Art and Human Conflict

Photo source: http://www.monumentsmenfoundation.org/archives/photos

Article by: Chuck Henry

What is the value of the Bryan Memorial Gallery?

A response to this question was the focus of a previous blog that explored the deep interconnection between art and the complex social networks it creates and is sustained by. A painting in the Bryan Gallery can be the result of conversations and interactions between teacher and pupil, more abstractly between artistic fashion generations ago and contemporary sensibilities that inform our perceptions today, as well as the internal conversations we, as gallery patrons, bring to the images we behold. The lovely paintings that line the gallery walls are never really silent. They are aspects of the celebratory intellectual and emotional commerce of art: the power and sustainability of a public gallery open to our ideas, interests, and engagement, suffused with respect for the past and those who have honed their talent to bring us an enlightened understanding of who we are and our place in the world.

But there is a dark side of circumstance pertaining to art, an unfortunately consistent theme in our history: when the objects of our imaginative expression are purposely hoarded, destroyed, or reduced to a commodity as a result of violence.  Many people today have witnessed this twice in their lifetime in the most striking terms: Word War II, and the current Middle East tragedy brought about by the Islamic State, or ISIS. A brief look at these phenomena also underscores the value the Bryan Gallery brings to our community and the wider world beyond our village.

The 2014 movie Monuments Men offers a schematic portrayal of an actual military operation toward the end of the Second World War: a mixed group of professional art historians, most with military experience, was commissioned to find and retrieve the artwork looted by the Nazi regime.  In the course of the German invasion of Europe, museums, libraries, and other cultural institutions fell to the invaders, and a staggering amount of those artifacts were stolen. While the scale of theft was unprecedented, the attention to cultural heritage was not surprising. Art figured prominently in Nazi propaganda: the National Socialist movement was explicit about the ‘degenerate’ and debilitating qualities of modern (mostly 20th century) art, but prized the more traditional sculpture, paintings, and other creative works that preceded it. While personal gain figured in many of the thefts, a vast trove was amassed that was to be the core collection of the Fuehrermuseum, planned as a triumphant trophy to Nazi supremacy and Hitler’s artistic ‘vision.’ In the process of this looting, many confiscated modern artworks were burned or mutilated, and otherwise lost forever.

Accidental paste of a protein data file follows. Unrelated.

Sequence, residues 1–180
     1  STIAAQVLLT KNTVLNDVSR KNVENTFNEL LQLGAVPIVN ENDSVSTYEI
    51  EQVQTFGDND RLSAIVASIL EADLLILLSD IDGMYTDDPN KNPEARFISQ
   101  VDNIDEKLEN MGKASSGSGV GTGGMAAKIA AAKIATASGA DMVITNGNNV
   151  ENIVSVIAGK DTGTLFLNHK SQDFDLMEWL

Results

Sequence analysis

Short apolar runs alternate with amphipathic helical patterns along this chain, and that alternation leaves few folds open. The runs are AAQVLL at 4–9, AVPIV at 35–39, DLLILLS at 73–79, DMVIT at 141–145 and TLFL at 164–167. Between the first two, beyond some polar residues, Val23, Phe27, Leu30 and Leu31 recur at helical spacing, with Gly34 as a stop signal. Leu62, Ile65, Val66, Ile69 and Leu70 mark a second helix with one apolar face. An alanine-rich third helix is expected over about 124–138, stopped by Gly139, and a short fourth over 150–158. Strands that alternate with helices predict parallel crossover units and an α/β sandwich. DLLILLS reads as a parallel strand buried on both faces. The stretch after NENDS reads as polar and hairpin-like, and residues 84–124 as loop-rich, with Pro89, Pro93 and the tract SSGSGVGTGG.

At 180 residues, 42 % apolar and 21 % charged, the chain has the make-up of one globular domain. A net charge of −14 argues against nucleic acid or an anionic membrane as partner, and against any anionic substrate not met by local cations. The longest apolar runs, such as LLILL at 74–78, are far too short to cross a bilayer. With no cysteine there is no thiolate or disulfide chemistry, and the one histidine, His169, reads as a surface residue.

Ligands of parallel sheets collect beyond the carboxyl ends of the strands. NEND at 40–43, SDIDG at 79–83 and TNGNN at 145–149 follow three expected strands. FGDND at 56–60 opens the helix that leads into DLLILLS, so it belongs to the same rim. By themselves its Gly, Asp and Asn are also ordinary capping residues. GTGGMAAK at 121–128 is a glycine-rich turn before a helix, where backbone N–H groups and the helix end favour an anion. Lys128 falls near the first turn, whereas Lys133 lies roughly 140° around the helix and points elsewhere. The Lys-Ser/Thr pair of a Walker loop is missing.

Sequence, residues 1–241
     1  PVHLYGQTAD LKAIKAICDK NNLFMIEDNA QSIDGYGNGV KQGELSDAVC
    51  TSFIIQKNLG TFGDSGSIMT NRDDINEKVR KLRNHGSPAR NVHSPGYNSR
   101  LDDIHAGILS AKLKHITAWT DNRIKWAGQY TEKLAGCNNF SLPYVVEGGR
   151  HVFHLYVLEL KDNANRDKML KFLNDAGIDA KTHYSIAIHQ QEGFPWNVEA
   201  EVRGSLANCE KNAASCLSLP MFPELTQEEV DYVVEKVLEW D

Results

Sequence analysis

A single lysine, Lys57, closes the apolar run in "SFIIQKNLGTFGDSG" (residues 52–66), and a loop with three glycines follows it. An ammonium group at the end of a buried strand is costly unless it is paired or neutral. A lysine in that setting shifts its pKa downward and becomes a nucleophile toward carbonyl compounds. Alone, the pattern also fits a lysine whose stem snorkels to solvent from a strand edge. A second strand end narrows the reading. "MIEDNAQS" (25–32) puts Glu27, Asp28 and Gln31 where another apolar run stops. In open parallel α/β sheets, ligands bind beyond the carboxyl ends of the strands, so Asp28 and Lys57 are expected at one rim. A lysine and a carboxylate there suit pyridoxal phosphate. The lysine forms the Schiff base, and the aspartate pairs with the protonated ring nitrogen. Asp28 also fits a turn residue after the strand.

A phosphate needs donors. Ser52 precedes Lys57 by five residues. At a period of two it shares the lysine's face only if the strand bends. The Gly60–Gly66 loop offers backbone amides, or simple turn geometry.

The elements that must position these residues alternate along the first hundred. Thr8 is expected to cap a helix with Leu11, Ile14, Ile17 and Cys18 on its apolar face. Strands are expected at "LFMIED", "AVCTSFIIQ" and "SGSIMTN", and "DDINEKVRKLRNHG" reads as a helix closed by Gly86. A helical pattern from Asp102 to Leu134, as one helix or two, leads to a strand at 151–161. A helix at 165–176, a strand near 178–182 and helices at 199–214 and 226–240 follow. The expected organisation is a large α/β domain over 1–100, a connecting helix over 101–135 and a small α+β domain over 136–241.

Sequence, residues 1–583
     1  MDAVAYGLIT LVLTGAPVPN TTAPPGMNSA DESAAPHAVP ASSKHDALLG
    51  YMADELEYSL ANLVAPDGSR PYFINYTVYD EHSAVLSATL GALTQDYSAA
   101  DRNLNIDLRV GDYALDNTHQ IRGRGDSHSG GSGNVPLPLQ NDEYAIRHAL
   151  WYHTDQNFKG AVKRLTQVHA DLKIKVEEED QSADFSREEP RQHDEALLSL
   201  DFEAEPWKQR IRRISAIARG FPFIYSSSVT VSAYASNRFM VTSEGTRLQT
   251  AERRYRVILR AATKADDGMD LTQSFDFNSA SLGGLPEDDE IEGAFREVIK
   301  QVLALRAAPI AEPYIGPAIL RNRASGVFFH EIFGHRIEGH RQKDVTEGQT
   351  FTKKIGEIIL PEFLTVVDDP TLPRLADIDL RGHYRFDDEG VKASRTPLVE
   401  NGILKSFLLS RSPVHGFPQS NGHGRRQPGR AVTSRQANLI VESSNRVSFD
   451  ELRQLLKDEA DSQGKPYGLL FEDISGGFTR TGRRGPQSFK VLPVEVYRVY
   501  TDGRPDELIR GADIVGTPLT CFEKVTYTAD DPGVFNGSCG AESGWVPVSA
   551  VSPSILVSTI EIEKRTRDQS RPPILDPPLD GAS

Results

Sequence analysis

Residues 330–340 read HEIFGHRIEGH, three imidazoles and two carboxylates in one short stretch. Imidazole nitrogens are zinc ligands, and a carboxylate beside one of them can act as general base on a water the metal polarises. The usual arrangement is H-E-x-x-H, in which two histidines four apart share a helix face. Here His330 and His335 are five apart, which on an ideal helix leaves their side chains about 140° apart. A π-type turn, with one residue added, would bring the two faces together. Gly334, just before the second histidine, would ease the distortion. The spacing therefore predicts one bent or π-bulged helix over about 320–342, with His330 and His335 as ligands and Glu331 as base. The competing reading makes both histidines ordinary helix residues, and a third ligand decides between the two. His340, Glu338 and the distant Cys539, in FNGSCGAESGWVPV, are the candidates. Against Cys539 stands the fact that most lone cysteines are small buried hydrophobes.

Photo source: www.monumentsmenfoundation.org/archives/photos

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Art as Social Network

We have become accustomed in the 21st century to the term ‘social network,’ and often think it is a fairly recent phenomenon. Interestingly, the term ‘social network’ arose in the late 19th century as a new method to study human interaction, usually defined as the relational communication of individuals or groups with shared values and interests. Our contemporary proclivity to understand social networking as a condition of modern technology is an accurate reflection of the enormous role social media plays in connecting us, but there are important distinctions compared to the networks of the last century. Twitter, Facebook, Pinterest, and myriad apps on our smart phones, weave us in ways that are deeply personal, but also startlingly anonymous. Much of our networking is with millions of unknown people, some real, some fabricated; today, technologies have become the relational mechanism, encouraging ephemeral, passive postings and simple ‘likes’, with only a modicum of shared values and interests, other than a seemingly universal desire for visibility in a world of immense complexity and a tsunami of background noise.

Nonetheless, technology can be used to develop genuine communities of interest, and this inaugural blog, the first of several on behalf of the Bryan Memorial Gallery in Jeffersonville, Vermont, will focus on a social network that conforms to the more personal, shared ideas and values of the original term. The social network in question is ancient: the relationship between individuals and societies with art: the objects of artistic expression that include paintings, sculpture, photography, and other visual representations that comprise our culture. This network has existed for tens of thousands of years, and while the representations of artistic creation can significantly change, many of the elements of our relationship with and through art remain constant.
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